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Was omitting his name from this article a question of writing style, since the quotes from the AG's office didn't use it either, or an attempt at damnatio memoriae?

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His name is preserved in a tag at the bottom of the story. I just wanted to see if I could write about a guy I seem to write about a lot without using his name. I figured at this point, everybody who actually calls up the story would know exactly who I mean.

As for the state's brief, interesting, I hadn't noticed that (in their case, his name is preserved at the very top of the document).

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Magoo wants the truth. But Magoo can’t handle the truth. Magoo submits Rule 12b6 motion to dismiss. Magoo.

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There will be a Magoo defense to complement the Chewbacca defense.

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As a long-time Uhub reader and contributing account holder, I never tire of reading about consumer court cases, Dr. EMAIL, or a certain house owned by a man in Sudbury. If anything, those stories are what make visiting Uhub so enjoyable.

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You can almost honestly, truly say that THE MAINSTREAM MEDIA NEVER EVER COVERS THIS.

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CAPS ARE FOR WEATHER

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!!!!!!1!!!11!!!!1!!!!!!

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C-SPAN TRANSCRIPTS TOO...

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Didn't that house get sold FINALLY?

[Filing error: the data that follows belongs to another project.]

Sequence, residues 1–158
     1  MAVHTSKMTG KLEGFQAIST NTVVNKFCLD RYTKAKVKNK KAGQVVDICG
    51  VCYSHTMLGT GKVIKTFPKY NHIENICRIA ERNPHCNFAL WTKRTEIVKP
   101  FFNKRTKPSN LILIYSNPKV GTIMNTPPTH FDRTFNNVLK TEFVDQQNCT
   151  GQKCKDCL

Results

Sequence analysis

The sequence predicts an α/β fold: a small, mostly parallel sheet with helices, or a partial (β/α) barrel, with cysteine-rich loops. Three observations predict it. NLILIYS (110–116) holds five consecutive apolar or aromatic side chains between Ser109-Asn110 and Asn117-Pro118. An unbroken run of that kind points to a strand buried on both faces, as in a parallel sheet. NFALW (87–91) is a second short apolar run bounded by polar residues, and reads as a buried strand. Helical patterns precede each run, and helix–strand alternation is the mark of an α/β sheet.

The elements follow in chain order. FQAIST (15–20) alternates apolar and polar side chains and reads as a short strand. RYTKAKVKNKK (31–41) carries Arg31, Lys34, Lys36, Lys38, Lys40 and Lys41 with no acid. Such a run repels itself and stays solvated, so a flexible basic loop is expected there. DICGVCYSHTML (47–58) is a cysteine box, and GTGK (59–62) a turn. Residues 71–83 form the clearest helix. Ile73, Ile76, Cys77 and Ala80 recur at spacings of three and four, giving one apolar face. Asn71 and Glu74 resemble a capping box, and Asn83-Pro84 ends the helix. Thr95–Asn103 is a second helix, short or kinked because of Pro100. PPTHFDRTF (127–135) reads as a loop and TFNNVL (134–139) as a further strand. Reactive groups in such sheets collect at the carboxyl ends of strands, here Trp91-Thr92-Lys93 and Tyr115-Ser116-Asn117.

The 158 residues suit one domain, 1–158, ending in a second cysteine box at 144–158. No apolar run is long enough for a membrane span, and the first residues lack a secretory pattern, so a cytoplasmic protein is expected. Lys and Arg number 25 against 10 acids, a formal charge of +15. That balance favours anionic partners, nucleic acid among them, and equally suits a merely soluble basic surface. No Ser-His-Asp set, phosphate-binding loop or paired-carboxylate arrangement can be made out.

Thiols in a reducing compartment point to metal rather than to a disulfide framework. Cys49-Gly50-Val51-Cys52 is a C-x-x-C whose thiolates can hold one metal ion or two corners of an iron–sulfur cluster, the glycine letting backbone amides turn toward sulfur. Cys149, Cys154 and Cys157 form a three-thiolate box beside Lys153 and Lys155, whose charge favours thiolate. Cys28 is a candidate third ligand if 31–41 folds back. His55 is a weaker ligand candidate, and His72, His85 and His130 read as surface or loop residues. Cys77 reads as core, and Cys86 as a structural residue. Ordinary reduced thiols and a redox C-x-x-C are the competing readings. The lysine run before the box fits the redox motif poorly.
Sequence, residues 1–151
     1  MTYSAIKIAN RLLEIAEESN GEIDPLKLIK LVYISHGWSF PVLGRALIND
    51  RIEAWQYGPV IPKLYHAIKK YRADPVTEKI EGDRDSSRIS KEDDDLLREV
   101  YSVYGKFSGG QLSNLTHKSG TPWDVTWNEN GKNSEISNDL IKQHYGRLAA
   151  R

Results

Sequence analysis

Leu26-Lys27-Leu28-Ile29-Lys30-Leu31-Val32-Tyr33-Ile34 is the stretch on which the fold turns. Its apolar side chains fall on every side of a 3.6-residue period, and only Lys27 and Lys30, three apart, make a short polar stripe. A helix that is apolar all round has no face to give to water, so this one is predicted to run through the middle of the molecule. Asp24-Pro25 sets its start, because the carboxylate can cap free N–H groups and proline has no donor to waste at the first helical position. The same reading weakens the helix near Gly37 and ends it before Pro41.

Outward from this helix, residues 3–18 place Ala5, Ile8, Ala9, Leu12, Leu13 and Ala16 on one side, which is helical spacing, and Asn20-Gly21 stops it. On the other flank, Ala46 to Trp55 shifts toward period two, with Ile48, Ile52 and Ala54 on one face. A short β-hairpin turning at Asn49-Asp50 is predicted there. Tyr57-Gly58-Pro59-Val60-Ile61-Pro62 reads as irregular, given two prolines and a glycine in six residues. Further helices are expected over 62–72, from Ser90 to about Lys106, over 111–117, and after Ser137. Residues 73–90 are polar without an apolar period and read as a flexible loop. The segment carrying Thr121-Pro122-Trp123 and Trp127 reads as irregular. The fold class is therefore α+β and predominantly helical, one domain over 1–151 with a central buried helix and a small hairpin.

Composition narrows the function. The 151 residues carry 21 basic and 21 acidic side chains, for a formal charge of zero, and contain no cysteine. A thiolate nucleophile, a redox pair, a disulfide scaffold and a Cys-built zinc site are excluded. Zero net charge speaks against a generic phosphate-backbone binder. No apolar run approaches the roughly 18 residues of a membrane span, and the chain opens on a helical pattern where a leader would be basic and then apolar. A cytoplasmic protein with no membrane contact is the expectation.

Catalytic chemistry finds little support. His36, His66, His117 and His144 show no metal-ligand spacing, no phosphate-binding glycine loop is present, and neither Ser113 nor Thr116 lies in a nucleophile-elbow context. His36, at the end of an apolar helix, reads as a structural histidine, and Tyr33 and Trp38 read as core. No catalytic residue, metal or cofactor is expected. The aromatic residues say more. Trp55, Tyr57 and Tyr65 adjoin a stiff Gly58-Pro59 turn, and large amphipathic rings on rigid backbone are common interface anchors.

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The court-appointed receiver fixed it up, sold it to, I think, a developer, who in turn sold off the house. The receiver subtracted the costs of the repairs and his fees and the old owner got the rest.

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I don't see how that applies, since the plaintiff is suing his own state, not a different state, in federal court.

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The 11th protects states from being sued by citizens in federal court. It is a state matter and if he would like to sue the Commonwealth of Massachusetts, he would need to do that within the jurisdiction of the Commonwealth.

https://constitutioncenter.org/interactive-constitution/interpretation/a...

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It also comes into play because the good non-medical doctor is seeking monetary damages, even if not quite the $1 billion+ he originally sought and even if the judge already told him the amendment prohibits the awarding of monetary damages against state officials performing their jobs.

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Auntiffa and the left....

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is actually short for Auntie Fabulous, the family nickname for my Aunt Fanny. She gets into a lot of trouble, of course, but it’s good trouble. She always wins people over in the end. She amazes them into submission.

She does wear black on occasion, but it’s just to let people know that she’s suffering a little from the after effects of the previous evening’s adventures, and is not to be spoken to before noon.

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If she the one that I've never met but always sends a card at Christmas?

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Me thinks.

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Until the part where you said Bill Galvin has rights.